I am reading Gray Cook’s book: Athletic Body in Balance. Wow! Everything you wanted to know about performance, balance and injury prevention. One concept: The squat! I tried to squat down and read the magazines on the lowest rack in the Sacramento airport about 6 years ago. I didn’t last. My “inner zombie” (not my concept, but I love the idea) wouldn’t let me bend all my joints. I started running soon after, went from 171 lbs. to 148 lbs. and never felt better. Still though, couldn’t touch my toes or even squat. Too much time in a chair. (I’m an airline pilot) I used Pavel Tsatsouline’s “Relax into Stretch” book to learn to bend, Kettlebells to strengthen my core (and keep the inner zombie comfortable with movement) and attempted all kinds of random things to loosen up. Now I believe I have found the secret to success here in Gray Cook’s book!!! I want to attend one of his workshops, but I don’t see any on his website for Seattle!
Here is a review of his book with a short bio: http://www.humankinetics.com/products/showproduct.cfm?isbn=9780736042284
Here is the “Functional Movement” website: http://www.functionalmovement.com/SITE/index.php
Strength AND flexibility!
I started using a kettlebell for core strength last year. I weigh 150 lbs. (68 kg) and bought a 20 kg kettlebell. I use it once a week – single arm swings, cleans and presses. I am not trying to get massive biceps or six-pack abs, just a good solid core. The results in my running have been astounding. I do a track workout once or twice a month and run a 1/4 mile (one lap of my local dirt track) in 68 seconds. Two laps and I start to slow, and a mile comes in at 5:30. I have been visiting the track for 4 years and my biggest speed gains came after I started using the kettlebell. Oh yeah, I’m 51 years old.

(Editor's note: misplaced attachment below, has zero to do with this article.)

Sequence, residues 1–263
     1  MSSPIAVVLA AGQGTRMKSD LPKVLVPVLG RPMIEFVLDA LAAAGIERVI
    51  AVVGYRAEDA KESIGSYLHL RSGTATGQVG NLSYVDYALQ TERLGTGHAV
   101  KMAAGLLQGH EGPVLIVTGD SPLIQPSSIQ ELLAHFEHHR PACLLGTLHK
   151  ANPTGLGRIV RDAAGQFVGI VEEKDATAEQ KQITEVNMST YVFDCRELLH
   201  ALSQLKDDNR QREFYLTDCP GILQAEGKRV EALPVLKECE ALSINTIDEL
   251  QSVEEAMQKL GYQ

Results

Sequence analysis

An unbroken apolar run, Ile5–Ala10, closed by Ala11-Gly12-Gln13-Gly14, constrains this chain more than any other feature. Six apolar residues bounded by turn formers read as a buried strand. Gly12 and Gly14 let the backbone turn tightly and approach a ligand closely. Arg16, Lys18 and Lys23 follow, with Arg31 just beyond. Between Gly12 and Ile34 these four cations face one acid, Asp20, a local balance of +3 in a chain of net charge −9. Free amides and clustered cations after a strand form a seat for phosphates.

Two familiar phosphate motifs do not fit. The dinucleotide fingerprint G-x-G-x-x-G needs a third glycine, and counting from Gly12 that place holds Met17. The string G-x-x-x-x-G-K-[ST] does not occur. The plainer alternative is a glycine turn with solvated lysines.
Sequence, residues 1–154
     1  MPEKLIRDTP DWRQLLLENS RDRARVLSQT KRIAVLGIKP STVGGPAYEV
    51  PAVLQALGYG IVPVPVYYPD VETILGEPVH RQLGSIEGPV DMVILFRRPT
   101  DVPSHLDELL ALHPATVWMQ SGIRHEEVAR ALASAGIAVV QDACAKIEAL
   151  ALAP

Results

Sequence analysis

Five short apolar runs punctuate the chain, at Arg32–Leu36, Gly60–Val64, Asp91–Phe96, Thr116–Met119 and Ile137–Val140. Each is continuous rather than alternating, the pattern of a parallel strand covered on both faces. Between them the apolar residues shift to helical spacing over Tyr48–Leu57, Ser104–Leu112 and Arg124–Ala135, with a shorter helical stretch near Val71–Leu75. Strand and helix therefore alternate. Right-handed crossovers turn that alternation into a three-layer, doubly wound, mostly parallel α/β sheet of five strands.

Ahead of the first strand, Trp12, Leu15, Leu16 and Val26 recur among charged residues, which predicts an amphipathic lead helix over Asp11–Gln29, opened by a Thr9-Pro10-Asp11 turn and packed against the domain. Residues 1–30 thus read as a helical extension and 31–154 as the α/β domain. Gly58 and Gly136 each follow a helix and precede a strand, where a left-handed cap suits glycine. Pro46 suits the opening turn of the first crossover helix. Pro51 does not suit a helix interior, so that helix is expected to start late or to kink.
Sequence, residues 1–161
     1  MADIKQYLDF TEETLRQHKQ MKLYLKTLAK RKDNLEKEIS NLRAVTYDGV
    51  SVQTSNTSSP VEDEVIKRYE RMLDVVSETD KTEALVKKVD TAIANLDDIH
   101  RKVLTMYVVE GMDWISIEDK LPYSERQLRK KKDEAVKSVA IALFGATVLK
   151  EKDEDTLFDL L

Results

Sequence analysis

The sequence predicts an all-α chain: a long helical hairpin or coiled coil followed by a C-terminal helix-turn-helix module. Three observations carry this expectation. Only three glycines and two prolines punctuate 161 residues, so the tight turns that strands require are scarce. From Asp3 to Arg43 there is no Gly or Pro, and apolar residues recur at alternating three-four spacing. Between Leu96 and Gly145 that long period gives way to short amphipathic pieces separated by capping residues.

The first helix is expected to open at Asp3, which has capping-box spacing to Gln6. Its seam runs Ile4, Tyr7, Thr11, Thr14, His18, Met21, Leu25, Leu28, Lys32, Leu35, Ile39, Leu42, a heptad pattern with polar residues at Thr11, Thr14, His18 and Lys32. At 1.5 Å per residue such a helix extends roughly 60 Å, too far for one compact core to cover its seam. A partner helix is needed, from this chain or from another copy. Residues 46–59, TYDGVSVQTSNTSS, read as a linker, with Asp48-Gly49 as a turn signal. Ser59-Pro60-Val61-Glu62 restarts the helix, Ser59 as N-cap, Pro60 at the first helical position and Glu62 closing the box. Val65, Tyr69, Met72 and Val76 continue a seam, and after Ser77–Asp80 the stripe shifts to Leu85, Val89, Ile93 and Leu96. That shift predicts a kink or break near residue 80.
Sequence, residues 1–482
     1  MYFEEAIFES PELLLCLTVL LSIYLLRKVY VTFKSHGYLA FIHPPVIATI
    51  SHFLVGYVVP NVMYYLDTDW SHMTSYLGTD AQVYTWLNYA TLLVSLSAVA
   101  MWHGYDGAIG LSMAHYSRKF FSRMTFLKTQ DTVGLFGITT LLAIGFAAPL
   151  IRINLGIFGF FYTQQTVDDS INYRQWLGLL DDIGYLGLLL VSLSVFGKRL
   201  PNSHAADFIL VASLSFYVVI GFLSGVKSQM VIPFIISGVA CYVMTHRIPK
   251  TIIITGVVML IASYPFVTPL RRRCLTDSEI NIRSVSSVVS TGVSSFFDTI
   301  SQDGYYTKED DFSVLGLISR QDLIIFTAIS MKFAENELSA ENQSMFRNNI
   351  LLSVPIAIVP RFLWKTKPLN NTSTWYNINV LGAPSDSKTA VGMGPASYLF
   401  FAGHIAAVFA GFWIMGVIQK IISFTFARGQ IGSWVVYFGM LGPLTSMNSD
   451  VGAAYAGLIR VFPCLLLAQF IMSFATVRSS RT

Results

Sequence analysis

I great site for kettlebell workouts is Dr. Mark Cheng’s Kettlebells Los Angeles. For more hardcore training try Pavel Tsatsouline’s Power By Pavel.
I started running six years ago and discovered barefoot running two years ago. Most of my running is on trails, with a few monthly track workouts and some roadwork when there are no trails. I really don’t have many barefoot options, especially in the winter here in Seattle. For a barefoot “feel”, I started using the Nike Free 3.0 and I am on my second pair. Last year I heard about the Vibram Five Fingers shoe, and bought a pair on an overnight in Oakland, CA. I now use them on short three to five mile runs on trails in a park near my house, and I felt I had enough time in them to try a fourteen mile run on the dike system in south San Fran bay near San Jose, CA last weekend. Other than my feet feeling a little beat up for a few hours after, I had none of the usual leg stiffness that I usually have after that South Bay run. Vibram really has got a good product and it is as close to barefoot running that I can get without worrying about shredding my feet on glass or other sharp objects on the trail.
Just starting out here on wordpress. Thanks for having me and my world…
The picture is my boat made from garbage that had washed up on the shore in Tuktoyuktuk, NWT. I had a job washing dishes for a company called “ATL” back in summer 1982. The company supplied ice-breaking tug boats in support of oil exploration in the Beaufort Sea (Canadian Arctic Ocean).
I wonder if anyone else ever tried to sail it…?